Glurge – Must Forward – Web Hoaxes explained. Don’t spread the lie…
We all get the emails but what do YOU do with them? Check out the truth of an email in 30 seconds, or just send a confirmation to all of your world that you are a hamburger short of a happy meal.
My article on the topic of GLURGE is here - MUST FORWARD – Glurge.
My links to Hoax Sites are on the bottom of that page.
The following is a good explanation of what to look for in a HOAX.
Top Five Signs That a Message is a Hoax from HoaxBusters.org
The next time that you receive an alarming e-mail calling you to action, look for any one of these five telltale characteristics before even thinking about sending it along to anybody else.
The e-mail will have a great sense of urgency! You'll usually see a lot of exclamation points and capitalization. The subject line will typically be something like:
- VIRUS ALERT!!!!!!
TELL ALL YOUR FRIENDS
There will always be a request that you share this "important" warning by forwarding the message to everybody in your e-mail address book or to as many people as you possibly can. This is a surefire sign that the message is a hoax.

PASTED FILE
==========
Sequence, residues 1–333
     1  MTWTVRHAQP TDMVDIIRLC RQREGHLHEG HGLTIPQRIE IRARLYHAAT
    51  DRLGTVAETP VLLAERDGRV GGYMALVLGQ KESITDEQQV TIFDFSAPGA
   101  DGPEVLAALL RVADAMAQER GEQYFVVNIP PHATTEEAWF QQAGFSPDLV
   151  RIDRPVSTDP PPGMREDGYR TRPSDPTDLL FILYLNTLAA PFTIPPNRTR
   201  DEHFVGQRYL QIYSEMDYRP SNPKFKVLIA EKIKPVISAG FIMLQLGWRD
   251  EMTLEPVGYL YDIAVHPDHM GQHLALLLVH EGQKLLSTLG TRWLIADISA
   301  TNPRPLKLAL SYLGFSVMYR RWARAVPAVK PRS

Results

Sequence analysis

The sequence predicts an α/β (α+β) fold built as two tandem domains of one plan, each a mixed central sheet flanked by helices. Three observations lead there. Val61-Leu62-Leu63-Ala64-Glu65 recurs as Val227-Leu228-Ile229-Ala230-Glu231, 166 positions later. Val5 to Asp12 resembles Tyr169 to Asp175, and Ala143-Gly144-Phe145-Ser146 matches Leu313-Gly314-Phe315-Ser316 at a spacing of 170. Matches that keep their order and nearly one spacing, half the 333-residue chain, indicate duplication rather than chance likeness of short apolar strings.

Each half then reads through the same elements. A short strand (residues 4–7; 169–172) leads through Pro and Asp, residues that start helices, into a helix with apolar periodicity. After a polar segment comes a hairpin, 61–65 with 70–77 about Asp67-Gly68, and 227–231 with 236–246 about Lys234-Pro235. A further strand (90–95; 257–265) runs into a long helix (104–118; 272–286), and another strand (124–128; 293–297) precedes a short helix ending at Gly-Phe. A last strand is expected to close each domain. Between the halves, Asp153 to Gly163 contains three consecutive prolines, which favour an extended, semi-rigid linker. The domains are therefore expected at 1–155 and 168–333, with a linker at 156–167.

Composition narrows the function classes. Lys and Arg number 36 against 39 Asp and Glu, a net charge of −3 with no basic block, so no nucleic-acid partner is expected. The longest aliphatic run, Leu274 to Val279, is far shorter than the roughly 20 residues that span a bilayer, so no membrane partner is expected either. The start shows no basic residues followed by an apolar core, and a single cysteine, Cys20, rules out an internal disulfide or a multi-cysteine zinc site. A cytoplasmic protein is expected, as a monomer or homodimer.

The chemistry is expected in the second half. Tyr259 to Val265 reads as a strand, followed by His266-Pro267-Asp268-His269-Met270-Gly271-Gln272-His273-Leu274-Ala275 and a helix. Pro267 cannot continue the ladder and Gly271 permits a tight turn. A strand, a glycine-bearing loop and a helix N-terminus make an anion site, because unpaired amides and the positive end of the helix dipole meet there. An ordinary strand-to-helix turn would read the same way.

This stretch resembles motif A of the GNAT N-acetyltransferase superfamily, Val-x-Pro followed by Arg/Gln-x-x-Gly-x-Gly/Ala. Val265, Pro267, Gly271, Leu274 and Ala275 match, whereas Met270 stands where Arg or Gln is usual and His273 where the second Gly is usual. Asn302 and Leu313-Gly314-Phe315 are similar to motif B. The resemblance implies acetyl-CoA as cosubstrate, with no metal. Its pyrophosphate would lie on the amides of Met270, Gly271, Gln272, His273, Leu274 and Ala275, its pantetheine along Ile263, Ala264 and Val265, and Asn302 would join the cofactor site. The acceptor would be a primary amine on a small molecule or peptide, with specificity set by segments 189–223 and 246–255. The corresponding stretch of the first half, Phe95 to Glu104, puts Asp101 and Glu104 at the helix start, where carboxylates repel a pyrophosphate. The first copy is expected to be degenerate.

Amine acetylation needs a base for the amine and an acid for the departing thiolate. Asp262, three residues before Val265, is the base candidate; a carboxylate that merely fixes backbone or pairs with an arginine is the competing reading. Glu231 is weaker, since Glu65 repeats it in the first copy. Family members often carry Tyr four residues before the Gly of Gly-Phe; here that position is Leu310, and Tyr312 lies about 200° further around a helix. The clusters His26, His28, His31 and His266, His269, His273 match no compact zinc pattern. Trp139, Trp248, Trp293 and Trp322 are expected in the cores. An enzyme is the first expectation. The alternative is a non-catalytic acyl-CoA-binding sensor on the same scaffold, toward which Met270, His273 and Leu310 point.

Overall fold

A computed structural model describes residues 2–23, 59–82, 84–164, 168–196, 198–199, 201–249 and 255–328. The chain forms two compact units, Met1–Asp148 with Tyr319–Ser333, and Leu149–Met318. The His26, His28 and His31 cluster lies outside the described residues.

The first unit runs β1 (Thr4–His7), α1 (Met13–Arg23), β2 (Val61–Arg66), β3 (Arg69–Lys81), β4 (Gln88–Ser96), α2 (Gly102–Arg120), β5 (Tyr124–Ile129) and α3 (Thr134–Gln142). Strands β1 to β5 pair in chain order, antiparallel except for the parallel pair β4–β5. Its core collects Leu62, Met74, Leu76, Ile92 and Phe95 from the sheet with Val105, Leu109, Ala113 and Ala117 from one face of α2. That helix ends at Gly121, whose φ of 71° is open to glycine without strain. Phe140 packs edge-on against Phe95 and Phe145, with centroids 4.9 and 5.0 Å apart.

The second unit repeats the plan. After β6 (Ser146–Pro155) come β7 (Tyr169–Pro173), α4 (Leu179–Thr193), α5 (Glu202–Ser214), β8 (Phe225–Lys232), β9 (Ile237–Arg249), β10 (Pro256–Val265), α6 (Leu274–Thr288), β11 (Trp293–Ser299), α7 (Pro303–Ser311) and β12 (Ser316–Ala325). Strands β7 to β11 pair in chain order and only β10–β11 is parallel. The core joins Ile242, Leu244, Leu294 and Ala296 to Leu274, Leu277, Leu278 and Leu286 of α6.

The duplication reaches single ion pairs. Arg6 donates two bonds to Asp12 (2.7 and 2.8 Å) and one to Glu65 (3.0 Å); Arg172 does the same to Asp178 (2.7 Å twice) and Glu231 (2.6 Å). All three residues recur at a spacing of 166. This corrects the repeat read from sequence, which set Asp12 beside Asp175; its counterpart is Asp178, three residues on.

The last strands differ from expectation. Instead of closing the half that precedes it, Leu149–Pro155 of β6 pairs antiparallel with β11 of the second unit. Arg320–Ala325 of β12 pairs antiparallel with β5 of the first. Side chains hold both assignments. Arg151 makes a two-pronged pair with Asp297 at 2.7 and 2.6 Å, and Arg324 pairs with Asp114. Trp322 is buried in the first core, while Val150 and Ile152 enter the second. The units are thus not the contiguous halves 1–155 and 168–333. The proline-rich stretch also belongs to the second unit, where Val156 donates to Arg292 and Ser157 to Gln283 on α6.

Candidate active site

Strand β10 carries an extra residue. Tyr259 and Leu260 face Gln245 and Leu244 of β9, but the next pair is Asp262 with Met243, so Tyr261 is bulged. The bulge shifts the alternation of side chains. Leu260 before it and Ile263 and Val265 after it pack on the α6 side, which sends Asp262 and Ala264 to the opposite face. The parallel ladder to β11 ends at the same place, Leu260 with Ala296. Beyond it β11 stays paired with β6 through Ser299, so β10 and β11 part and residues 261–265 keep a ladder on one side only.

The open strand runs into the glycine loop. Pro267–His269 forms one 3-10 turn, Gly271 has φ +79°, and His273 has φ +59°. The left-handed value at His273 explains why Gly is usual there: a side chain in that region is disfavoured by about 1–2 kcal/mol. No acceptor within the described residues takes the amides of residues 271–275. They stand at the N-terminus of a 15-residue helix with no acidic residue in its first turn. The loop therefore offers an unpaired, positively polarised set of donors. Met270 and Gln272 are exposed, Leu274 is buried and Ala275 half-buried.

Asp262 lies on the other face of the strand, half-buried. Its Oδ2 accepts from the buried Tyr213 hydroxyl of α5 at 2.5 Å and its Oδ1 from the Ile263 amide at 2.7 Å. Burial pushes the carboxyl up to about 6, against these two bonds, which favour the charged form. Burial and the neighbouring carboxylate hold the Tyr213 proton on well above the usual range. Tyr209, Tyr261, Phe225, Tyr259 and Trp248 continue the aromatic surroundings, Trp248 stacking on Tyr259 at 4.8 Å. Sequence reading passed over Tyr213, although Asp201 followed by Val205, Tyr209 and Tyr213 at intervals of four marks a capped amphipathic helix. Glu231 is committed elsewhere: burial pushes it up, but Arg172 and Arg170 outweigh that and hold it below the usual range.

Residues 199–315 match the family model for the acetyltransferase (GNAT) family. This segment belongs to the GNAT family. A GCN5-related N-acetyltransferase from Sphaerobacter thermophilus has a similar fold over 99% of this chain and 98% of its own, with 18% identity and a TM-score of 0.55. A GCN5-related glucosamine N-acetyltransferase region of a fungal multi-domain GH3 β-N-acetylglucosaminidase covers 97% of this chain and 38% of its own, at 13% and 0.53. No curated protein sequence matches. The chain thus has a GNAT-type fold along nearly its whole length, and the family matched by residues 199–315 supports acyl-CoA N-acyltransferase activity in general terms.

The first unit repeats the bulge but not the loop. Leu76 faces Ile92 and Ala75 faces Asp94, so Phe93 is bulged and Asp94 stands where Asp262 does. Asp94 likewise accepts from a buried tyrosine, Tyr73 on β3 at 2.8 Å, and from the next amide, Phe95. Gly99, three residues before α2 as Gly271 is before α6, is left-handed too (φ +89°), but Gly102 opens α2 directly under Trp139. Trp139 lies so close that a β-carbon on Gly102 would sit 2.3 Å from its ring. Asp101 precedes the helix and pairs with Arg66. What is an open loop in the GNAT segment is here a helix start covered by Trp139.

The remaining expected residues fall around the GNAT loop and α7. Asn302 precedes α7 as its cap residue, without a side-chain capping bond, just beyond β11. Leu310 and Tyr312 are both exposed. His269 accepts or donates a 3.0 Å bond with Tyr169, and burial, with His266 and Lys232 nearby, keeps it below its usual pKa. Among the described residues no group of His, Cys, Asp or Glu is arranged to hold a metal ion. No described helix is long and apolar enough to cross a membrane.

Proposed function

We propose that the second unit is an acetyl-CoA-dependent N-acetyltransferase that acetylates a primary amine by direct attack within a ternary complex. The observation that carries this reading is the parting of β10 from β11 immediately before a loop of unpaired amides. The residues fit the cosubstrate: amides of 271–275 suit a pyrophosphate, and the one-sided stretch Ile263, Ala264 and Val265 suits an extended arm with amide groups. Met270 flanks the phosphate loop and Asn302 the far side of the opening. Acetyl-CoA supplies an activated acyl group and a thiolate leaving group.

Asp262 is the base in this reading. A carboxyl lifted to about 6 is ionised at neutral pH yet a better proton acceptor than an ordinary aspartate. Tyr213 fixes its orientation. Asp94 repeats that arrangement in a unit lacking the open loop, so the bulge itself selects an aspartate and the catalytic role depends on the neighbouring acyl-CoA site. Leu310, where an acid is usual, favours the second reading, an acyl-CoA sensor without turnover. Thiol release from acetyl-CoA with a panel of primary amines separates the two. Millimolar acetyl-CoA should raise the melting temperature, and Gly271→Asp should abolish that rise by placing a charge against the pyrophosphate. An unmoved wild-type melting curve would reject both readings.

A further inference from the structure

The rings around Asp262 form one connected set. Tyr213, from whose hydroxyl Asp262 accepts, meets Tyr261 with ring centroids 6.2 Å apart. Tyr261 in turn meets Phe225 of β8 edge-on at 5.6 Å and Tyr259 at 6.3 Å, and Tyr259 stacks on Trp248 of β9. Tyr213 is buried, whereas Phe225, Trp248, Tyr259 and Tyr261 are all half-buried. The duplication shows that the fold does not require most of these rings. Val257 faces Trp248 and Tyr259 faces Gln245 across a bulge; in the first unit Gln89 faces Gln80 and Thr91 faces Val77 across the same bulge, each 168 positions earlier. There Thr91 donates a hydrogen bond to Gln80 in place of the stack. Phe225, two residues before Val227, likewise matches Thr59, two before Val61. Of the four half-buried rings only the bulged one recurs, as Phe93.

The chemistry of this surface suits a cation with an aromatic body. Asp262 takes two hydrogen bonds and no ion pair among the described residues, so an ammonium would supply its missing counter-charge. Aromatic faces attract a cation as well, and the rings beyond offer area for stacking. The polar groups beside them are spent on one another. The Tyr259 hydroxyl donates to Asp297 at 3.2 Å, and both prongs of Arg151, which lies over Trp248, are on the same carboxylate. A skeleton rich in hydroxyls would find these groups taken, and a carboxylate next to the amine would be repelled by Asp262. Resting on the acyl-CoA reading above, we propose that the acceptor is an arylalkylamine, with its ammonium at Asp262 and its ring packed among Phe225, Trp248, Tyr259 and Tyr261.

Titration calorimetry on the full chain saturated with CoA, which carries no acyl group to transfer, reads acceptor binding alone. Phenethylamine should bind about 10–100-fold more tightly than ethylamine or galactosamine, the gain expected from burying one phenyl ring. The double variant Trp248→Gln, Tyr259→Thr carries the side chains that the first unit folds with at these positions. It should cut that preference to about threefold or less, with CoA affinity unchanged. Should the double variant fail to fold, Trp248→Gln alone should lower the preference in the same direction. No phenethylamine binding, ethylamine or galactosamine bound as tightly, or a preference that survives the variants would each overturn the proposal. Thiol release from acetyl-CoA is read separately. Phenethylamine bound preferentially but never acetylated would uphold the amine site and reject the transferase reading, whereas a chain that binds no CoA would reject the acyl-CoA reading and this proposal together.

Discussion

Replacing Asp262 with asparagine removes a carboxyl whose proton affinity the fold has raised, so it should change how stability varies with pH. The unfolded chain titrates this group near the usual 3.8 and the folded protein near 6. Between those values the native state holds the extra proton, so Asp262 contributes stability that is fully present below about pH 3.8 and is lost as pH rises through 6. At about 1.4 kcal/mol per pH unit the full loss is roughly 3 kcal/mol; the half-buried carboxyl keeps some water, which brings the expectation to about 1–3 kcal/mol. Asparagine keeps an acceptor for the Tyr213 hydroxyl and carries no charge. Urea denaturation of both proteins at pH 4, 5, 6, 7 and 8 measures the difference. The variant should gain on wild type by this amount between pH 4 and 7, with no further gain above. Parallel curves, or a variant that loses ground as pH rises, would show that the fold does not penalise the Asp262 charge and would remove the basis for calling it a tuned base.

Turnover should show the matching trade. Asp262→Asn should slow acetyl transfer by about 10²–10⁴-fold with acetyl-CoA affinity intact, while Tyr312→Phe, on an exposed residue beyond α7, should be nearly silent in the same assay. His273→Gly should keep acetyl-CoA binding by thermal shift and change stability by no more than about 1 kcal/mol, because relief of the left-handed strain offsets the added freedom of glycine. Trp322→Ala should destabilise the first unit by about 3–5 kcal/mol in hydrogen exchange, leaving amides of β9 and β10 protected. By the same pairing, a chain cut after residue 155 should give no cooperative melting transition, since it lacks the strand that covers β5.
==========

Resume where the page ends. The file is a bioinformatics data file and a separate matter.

THIS ISN'T A HOAX
The body of the e-mail will contain some form of corroboration, such as a pseudoquote from an executive of a major corporation or from a government agency official.
Sometimes the message will include a sincere-sounding premise. For example:
My neighbor, who works for Microsoft, just received this warning so I know it's true. He asked me to pass this along to as many people as I can.
It's all a bunch of baloney. Don't believe it for a second.
Watch for e-mails containing a subtle form of self-corroboration. Statements such as "This is serious!" or "This is not a hoax!" can be deceiving. Just because somebody says it's not a hoax doesn't make it so.
The e-mail text will predict dire consequence if you don't act immediately. The message may inform you that the virus will destroy your hard drive, kill your houseplants, or cause green fuzzy things to grow in your refrigerator.
Look for a lot of >>>> marks in the left margin. These marks indicate that people suckered by the hoax have forwarded the message countless times before it has reached you.
The following is an actual hoax e-mail. Thousands of people have forwarded the "Budweiser Frog" virus hoax to millions of Internet users, keeping it alive and in circulation for years. See how many of the five hoax signs you can spot!